In his series “tautochronos”, German artist Michel Lamoller takes multiple photographs of the same place at different times, then prints and layers them, physically carving them into one image, sculpting two-dimensional space into three-dimensions. By then photographing the transformed image Lamoller returns the work to two-dimensions, playing with space and volume, echoing the compression of time and place in his work. The deconstructed figures in the resulting photographs are a visual reminder that people are always changing and never fully revealed.
People often speak of ghosts, and that’s what these photographs bring to mind—the pieces left behind when time passes and things change. It’s almost archeological, the parts covered, the parts revealed. The remains remain, an artifact of time passed.
The photos that are mainly figural express the changes in an individual over time. Clothed, naked. Smiling, serious. Button-down, t-shirt. They are a literal portrait of days.
The images that integrate a figure into the environment are more evocative. In one image, a woman seems to be decomposing, dissolving into grass and trees. Another figure blends into a brick building, almost indecipherable. One person’s body seems to be fossilizing as cobblestones stretch up his legs like moss. A book-lined wall is interrupted by fragmented pieces of a man’s face. Are the pieces so small because the impact of the person in the space was so inconsequential?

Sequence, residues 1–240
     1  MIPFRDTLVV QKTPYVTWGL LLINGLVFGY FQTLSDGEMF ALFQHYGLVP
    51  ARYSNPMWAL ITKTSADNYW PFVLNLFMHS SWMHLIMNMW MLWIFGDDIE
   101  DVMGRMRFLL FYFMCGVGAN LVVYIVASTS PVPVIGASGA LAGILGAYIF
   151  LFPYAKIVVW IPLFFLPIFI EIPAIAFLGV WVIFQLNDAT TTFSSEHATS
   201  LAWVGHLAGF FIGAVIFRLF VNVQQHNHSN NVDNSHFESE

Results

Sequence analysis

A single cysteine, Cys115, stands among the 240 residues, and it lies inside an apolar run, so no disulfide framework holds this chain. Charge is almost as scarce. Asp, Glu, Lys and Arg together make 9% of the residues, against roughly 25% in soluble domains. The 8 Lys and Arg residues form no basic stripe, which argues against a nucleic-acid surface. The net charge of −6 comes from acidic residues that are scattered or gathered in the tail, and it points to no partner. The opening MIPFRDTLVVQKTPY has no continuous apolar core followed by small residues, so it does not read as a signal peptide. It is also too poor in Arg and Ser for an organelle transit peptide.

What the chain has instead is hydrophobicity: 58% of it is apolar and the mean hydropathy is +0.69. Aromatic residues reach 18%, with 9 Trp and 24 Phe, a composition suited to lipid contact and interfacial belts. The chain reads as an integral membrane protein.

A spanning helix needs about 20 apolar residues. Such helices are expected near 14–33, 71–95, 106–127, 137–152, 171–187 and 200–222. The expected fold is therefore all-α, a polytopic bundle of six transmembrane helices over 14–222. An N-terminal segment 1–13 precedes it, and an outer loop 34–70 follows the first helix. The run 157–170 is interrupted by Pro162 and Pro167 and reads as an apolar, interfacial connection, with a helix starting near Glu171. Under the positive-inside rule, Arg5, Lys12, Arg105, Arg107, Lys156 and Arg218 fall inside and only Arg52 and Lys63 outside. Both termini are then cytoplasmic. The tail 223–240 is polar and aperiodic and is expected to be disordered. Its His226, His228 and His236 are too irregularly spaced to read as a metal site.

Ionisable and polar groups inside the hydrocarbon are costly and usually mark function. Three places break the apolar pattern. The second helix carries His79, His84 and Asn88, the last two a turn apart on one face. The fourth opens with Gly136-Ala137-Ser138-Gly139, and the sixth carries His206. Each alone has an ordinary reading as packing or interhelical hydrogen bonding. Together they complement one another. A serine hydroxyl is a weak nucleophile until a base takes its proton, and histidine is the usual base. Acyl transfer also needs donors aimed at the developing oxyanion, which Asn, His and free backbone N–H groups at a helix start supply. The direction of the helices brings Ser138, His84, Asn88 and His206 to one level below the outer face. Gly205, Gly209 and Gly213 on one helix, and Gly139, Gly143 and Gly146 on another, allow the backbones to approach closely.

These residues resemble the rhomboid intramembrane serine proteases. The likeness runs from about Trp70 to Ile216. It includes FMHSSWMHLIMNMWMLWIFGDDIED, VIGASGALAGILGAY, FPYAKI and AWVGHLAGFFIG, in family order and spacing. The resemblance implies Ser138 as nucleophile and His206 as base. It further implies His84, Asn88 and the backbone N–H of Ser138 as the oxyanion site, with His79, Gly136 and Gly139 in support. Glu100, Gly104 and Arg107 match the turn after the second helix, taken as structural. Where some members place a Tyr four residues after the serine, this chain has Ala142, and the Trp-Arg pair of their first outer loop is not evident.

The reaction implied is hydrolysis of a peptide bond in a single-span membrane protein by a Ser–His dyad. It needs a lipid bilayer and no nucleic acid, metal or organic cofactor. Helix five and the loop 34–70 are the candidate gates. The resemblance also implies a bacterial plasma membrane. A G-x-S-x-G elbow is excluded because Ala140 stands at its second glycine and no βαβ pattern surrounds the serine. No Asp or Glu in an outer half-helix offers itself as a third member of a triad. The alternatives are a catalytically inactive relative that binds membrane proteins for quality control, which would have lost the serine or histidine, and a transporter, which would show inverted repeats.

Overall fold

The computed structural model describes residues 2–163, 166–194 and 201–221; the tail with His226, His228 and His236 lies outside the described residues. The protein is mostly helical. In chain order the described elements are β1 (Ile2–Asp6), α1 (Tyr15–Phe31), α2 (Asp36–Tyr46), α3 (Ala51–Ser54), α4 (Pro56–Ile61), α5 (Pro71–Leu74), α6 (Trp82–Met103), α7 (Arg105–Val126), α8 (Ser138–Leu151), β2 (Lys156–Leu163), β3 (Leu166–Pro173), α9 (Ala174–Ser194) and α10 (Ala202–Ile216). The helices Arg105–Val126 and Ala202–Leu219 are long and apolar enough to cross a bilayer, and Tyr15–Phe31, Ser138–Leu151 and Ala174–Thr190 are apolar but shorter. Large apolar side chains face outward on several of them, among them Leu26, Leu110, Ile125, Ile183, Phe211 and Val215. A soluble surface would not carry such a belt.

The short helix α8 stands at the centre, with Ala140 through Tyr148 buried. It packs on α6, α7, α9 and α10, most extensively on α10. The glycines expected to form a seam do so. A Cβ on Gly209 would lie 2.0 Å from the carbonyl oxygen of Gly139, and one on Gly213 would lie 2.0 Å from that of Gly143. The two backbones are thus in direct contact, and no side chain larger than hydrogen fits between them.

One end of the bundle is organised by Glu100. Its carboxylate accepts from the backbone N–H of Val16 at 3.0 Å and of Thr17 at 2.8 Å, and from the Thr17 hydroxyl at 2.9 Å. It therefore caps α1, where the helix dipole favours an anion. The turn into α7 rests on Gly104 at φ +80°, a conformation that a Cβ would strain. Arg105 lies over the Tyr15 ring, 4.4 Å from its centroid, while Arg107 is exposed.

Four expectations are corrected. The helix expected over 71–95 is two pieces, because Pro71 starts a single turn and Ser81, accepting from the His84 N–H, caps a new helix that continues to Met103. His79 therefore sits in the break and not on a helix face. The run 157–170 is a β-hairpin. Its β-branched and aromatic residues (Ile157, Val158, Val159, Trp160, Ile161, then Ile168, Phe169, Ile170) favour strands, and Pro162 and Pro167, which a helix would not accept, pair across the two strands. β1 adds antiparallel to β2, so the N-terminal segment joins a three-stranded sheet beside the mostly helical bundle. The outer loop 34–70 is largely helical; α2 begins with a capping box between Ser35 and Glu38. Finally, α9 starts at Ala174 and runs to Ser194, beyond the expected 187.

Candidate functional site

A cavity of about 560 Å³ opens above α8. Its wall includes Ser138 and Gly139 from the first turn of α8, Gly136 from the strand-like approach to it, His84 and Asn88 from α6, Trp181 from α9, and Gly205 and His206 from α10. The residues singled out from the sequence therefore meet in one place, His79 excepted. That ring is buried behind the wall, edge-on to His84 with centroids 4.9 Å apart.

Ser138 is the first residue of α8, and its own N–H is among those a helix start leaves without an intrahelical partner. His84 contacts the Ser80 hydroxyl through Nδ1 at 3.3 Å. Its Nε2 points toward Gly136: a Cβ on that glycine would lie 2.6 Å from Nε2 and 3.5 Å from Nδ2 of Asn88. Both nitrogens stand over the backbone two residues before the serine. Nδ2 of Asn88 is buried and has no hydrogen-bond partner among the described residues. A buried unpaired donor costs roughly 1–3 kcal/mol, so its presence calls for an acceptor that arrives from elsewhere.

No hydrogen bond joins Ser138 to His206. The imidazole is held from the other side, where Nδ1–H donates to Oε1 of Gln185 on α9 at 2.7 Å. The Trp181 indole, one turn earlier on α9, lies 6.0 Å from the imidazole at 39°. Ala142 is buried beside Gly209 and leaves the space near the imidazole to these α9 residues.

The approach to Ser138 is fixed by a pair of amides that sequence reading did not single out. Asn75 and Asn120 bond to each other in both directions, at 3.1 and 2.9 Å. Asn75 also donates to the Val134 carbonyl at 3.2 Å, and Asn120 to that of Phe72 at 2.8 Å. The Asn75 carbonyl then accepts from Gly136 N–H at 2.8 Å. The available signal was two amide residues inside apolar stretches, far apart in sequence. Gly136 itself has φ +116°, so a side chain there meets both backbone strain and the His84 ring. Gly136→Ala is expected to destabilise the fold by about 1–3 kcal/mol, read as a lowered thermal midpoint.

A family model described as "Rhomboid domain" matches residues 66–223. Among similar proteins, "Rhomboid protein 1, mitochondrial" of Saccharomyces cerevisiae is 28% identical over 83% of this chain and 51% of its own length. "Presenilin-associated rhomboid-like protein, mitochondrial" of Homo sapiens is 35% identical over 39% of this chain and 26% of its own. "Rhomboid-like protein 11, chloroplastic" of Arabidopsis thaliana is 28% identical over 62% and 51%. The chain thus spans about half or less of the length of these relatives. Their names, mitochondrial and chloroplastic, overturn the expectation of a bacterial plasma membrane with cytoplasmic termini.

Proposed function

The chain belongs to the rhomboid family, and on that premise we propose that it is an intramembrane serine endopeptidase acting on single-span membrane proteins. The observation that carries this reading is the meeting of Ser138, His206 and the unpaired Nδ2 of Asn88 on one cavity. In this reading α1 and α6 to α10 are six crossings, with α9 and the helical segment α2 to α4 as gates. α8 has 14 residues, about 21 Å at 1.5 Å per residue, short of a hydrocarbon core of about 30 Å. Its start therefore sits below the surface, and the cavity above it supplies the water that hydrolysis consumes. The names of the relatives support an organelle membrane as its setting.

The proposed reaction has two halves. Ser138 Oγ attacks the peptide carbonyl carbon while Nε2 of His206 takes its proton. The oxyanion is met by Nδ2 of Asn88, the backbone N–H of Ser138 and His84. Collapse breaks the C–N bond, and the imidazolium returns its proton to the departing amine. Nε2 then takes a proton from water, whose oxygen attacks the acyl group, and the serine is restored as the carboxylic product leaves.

The word tautochronos is made of two Greek parts: tauto from the combining form meaning same, chronos meaning time. In combining different moments in the same place Lamoller has stopped time.
David Szauder, a German digital artist, takes interest in the glitch phenomenon. Failed Memory, the name of the compilation of images, showcases photographs that are purposely altered. Precisely, the photograph’s flow is interrupted by the sudden ambiguity of lines and distortions occurring in certain parts of the subject’s body.
His ‘glitch’ technique literally translates to the themes he is working with here: memory and the possible failure to reconstruct them. Much like the files on our computer’s memory, human recollection of events might get distorted throughout time.
“Our brains store away images to retrieve them later, like files stored away on a hard drive. But when we go back and try to re-access those memories, we may find them to be corrupted in some way.”
His work is more than just visual; Szauder provides text to go along with the images. On his Behance profile, the artist expresses that the images recollect failed memories related to family moments. (via IGNANT)
Jaw-dropping installations made from cardboard and tape, colorful and geometric paintings on discarded wood or subway car interiors, highly-patterned murals on the streets — Clemens Behr creates a little bit of everything. Or, rather, the Berlin-based artist makes A LOT of everything, much to the delight of his followers. Full disclosure: Yes, I am one such enthusiast.
This is a picture of a picture projected onto the scene that the picture was taken of. Duh. Needless to say, artist Christian Engelmann likes to mess with people. His art is often interactive and always maintains a sense of playfulness aimed at eliciting exaggerated double-takes. Engelmann tries to jolt people out of their every day state of being and remind us that the universe is full of surprises.